Prosperity and Air Quality

One of the most striking environmental issues of our time is the alarming air quality in the new mega cities of Asia and over the years I have written several posts on this site about the terrible air quality in these cities and in China in particular.

Most of the stories we see about air quality such as an excellent piece in the Guardian are based on the World Health Organisation’s database which tracks the air quality around the world and was updated in 2016. The problem is that much of the data in the database, which you can look at here, is actually from a few years before and it is hard to find a better source without going deeply into a plethora of scientific papers.

What is interesting is that over the last few weeks, a number of stories such as one in the New York Times, have appeared which indicate that the air quality in China is actually getting better!

China officially declared war on pollution 3 years ago and while progress is uneven across the country, the improvement appears to be real.

The situation in China seems to confirm the idea, first put forward by Grossman and Krueger (1991) and Panayotou (1993) that pollution will rise as countries get industrialise and then begin to fall as they become wealthier and move into a post-industrial economy. This idea is usually referred to as an Environmental Kuznets Curve and is hotly contested in the literature.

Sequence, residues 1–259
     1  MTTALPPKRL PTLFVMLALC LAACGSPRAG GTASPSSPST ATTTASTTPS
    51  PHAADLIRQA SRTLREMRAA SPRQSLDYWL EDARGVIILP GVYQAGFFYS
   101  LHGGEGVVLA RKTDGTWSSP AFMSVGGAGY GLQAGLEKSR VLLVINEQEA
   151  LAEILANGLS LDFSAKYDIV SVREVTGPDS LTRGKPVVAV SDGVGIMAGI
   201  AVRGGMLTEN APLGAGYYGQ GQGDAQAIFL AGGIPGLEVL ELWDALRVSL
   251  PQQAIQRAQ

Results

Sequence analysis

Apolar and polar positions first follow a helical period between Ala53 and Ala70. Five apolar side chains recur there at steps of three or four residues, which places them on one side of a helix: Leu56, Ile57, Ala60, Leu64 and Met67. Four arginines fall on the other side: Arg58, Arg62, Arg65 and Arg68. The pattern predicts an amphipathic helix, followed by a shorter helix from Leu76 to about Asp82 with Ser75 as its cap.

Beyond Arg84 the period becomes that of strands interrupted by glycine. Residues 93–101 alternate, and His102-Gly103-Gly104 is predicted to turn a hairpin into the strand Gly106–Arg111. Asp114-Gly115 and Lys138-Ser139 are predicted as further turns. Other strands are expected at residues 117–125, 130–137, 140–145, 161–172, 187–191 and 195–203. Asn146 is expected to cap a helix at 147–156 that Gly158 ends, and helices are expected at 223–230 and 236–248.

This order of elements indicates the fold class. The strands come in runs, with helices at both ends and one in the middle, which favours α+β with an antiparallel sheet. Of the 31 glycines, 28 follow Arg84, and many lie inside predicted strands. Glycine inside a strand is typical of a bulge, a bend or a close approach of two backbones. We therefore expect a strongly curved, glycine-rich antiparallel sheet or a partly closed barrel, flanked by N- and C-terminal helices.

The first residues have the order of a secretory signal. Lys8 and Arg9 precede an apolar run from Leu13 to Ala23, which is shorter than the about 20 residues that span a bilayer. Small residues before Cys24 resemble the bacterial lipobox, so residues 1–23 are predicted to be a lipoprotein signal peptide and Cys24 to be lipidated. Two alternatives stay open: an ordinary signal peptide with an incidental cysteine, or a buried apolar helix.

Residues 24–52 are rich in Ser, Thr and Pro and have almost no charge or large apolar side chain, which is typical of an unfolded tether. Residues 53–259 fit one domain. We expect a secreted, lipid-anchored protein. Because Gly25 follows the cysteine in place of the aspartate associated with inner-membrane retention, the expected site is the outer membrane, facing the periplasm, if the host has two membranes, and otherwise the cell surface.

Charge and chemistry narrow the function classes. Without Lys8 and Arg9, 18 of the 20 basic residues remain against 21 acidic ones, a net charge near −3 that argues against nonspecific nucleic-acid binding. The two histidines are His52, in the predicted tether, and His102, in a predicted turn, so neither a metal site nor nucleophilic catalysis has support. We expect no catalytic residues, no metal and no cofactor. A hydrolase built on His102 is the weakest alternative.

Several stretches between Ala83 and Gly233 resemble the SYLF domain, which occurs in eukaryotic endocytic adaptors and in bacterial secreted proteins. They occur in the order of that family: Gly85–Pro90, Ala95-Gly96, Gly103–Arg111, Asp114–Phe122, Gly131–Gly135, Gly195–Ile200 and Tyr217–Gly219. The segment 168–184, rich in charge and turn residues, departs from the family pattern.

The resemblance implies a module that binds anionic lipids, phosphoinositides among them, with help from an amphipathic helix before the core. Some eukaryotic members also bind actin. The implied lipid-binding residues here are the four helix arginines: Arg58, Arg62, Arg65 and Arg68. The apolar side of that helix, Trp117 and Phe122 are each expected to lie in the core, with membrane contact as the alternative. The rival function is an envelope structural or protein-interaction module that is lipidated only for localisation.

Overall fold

In addition to the changing nature of a country or a city’s economy – from industry to services – the other factor is the political process in which increasingly affluent people demand cleaner air and water and are able to pay a bit more money for cleaner sources of power, heat and transportation.

The World Health Organisation suggests that annual mean concentrations of particulate matter of 2.5 micrometers or smaller should be 10 μg/m which show how far off the scale some of the cities in the world actually are.

The problem is that air quality has a direct effect on people’s health. A study by The Institute for Health Metrics and Evaluation which is based in Washington State University and was created by a grant from the Bill and Melinda Gates Foundation, looks at the global state of air quality and attempts to calculate what the impact that air pollution has had on civil society.

The shocking headline of the report is that PM 2.5 is the leading environmental risk factor for death and accounts for 4.2 million fatalities each year. The chart below is taken from the report and shows the deaths attributable to this type of air pollution by country and over time. This data seems to contradict the good news coming from China although one would expect there to be a long time lag between improving air quality and having people’s heath respond. The numbers for the United States actually do show some improvement which might be taken as a proof of the environmental Kuznets curve.

Globally, however, the situation is going from bad to worse.